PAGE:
Wednesday, April 21, 2010

Reflections on Greeting Strangers in Public

I posted this morning about greeting strangers in public.

During the period of time where my daughter was really "into" greeting strangers according to their culture or ethnicity, I had to be on alert while we were in public. Her mind was making an instant association with a TV show for children the second she recognized a person from a certain culture or ethnicity. That meant that I had to increase my "radar". Increasing my "radar" also means I must guard against growing more learned helplessness. (See my right side bar of labels for the posts on "learned helplessness".)

I increased my "radar" to be more aware of people around us, seeing the world through my daughter's eyes. It's a lot of work, actually, to be on alert for a potential opportunity. If I saw a group of Asian people shopping, I would watch my daughter for the point where she saw them. My joint attention had to work on her behalf, too. And I had to grab her attention, then, because I wanted her to reference ME, follow my cue. A hand on her shoulder is often enough to get her attention. When she referenced my face, I could make a slight frown, use a slight head-shake to indicate "no" - but I had to wait until the moment our attention was shared, so she knew what was in my mind/attention.

And, while she wanted to greet the Asian group shopping in the same store as we were, she was able to refrain from doing so, based upon my nonverbal cues in our nonverbal conversation because she'd referenced what was in my mind.

Not long after that, she saw a group of people from India, and she looked at me, referenced me, and told me, "Mom, I am NOT going to say 'Namaste' to those people!" She was proud of herself.

I thought the matter was a done deal months ago. Over. Lesson learned. I turned off my "radar".

And then, recently, she did it again - left my side to run up to a person with a particular ethnicity to say hello to them in the language she assumed they speak.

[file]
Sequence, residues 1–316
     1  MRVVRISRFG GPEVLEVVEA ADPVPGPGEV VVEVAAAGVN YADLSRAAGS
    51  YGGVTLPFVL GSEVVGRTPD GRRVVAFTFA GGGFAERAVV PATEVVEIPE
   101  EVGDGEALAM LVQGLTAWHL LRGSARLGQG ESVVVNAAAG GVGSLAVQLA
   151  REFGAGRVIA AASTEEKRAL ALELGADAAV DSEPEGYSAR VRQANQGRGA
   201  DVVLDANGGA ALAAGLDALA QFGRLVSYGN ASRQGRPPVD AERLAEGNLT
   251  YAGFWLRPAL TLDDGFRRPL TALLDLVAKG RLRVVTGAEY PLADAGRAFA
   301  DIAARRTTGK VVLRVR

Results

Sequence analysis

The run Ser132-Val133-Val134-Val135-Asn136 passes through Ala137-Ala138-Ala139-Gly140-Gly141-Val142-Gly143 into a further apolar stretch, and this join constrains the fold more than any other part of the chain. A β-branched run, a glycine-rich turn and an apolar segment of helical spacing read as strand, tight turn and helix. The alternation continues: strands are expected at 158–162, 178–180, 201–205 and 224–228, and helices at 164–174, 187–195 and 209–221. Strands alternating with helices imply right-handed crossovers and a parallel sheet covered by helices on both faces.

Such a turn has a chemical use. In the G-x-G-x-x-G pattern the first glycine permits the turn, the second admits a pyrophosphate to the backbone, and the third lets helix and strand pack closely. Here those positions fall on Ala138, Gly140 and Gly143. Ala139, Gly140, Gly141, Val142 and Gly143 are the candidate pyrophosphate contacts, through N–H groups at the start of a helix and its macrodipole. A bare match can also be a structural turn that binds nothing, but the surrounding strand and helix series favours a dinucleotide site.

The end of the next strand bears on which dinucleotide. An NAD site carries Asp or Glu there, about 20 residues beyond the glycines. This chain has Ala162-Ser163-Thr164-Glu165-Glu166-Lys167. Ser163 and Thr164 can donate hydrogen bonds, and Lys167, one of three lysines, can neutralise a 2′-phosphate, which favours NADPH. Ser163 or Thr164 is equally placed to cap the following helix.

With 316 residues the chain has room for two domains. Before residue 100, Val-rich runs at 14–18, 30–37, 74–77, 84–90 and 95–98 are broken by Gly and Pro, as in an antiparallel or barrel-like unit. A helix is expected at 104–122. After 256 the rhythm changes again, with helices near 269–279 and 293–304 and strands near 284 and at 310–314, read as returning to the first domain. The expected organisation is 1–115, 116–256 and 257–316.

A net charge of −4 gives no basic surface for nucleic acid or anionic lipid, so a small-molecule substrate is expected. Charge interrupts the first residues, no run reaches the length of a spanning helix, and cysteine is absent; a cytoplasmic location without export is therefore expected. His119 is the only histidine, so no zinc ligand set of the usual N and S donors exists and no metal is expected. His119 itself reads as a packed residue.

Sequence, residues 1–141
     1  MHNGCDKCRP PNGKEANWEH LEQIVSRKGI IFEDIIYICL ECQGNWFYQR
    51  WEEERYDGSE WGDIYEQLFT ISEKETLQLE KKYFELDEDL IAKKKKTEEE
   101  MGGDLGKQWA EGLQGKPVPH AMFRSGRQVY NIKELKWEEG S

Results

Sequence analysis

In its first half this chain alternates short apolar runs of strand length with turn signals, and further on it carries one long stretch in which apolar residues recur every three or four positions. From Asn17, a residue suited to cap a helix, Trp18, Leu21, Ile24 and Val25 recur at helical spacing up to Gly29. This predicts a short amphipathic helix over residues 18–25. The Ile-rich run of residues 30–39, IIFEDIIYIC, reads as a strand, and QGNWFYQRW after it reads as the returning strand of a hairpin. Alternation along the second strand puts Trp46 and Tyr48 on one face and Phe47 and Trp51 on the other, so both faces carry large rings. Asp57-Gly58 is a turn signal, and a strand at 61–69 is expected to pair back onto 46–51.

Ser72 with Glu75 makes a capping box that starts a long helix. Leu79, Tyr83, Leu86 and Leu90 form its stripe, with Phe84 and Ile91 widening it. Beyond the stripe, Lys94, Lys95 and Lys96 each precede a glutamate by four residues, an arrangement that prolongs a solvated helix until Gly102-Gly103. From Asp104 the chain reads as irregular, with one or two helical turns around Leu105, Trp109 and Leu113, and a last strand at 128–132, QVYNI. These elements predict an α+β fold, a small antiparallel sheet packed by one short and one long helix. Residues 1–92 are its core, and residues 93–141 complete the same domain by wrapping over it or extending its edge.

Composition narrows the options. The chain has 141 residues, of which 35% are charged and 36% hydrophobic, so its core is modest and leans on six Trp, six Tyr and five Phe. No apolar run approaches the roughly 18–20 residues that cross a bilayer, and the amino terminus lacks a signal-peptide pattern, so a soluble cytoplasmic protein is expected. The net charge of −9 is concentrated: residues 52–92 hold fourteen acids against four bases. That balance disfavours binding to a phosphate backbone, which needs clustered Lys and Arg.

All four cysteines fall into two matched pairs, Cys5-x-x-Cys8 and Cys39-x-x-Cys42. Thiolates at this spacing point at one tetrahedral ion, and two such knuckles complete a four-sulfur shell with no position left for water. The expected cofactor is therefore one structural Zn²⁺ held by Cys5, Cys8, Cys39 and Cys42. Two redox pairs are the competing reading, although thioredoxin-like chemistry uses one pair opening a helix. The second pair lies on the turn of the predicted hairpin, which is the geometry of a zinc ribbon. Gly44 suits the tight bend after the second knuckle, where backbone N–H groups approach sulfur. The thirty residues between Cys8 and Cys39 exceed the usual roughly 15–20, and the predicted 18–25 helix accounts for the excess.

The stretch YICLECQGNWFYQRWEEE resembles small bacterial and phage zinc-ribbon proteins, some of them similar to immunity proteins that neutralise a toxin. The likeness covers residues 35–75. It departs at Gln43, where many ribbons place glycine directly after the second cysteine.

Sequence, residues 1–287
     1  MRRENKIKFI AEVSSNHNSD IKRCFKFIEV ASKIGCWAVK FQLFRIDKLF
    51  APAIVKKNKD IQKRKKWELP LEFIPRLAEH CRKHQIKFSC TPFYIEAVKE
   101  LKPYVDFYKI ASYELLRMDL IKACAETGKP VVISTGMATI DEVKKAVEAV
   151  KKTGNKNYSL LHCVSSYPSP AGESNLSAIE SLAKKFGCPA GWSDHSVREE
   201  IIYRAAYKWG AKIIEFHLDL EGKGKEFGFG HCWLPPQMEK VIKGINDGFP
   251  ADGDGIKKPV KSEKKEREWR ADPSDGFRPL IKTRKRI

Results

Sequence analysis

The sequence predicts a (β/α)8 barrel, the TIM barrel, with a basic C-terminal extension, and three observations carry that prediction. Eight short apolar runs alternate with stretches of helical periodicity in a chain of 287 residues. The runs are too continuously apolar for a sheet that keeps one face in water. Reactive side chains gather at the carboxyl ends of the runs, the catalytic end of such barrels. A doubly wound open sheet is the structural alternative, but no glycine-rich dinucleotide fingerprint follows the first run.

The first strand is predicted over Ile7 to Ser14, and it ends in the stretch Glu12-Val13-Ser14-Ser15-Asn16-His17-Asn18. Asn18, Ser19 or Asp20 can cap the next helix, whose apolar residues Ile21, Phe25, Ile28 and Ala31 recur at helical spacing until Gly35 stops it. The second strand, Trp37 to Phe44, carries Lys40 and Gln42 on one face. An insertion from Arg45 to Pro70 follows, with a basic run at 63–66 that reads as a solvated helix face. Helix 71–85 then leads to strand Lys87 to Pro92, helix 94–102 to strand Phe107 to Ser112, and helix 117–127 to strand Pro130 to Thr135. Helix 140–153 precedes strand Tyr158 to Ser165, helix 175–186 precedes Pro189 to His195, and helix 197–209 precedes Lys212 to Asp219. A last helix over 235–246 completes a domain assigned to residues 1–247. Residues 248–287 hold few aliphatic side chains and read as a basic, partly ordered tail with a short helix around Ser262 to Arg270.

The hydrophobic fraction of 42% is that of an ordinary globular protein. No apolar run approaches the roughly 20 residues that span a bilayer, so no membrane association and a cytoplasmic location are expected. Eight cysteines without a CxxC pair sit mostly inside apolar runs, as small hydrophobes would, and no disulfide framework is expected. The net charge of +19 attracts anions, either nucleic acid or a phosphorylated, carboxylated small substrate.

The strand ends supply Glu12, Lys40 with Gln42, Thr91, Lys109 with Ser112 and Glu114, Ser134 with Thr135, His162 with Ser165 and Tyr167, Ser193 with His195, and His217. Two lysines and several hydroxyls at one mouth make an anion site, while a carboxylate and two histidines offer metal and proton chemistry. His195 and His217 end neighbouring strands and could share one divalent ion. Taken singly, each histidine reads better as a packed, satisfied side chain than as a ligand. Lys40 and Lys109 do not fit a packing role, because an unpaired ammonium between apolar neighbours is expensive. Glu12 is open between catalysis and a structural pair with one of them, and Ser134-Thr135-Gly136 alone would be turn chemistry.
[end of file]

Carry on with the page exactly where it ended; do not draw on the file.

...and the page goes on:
So, we began, again, working, in context, NOT FOR HER TO MEMORIZE A RULE, but for her to reference me for what is appropriate in those situations, to reference me before leaving my side at a store. We've not had to practice referencing Mom at a playground in a situation where she sees a person or ethnicity (I consider "teenager" an "ethnicity" in this case) that triggers an association with a TV show. But in reflection, now, I think we're going to have to figure out a way to do that.

5 comments:

Debbie said...

I am really enjoying your blog and reading your insights into the way your daughter thinks. You are such a good mom!

Penny said...

Thank you, Debbie, for sharing the journey with me. Autism is so interesting. And challenging. I sometimes think I'm earling a PhD in my daughter.

Erin said...

I've been reading and re-reading this post and the others related to it. What I keep focusing on is the fact that you don't want your daughter to memorize a rule, you want her to reference your non-verbal cues. I really like that. My daughter is rule-oriented, and tends to obey the rules, so we've focused on getting her to memorize, forgetting that joint attention and taking cues from body language is just as important. Thank you for writing and sharing your thoughts, Penny. It's really helpful to people like me.

The Glasers said...

Unfortunately, the teen culture presented on television is not really appropriate for social interactions in real life. It really is a shame. However, you hit the nail on the head. Referencing you is much safer than referencing television.

Penny said...

If I could keep enough cable TV for news and sports and my occasional reality show (Biggest Loser), I'd get rid of all the other channels. I know y'all got rid of cable, Tammy. I wish I could pick my own channels. We have blocked a lot, and may have to block some more, which makes the sibs quite upset.

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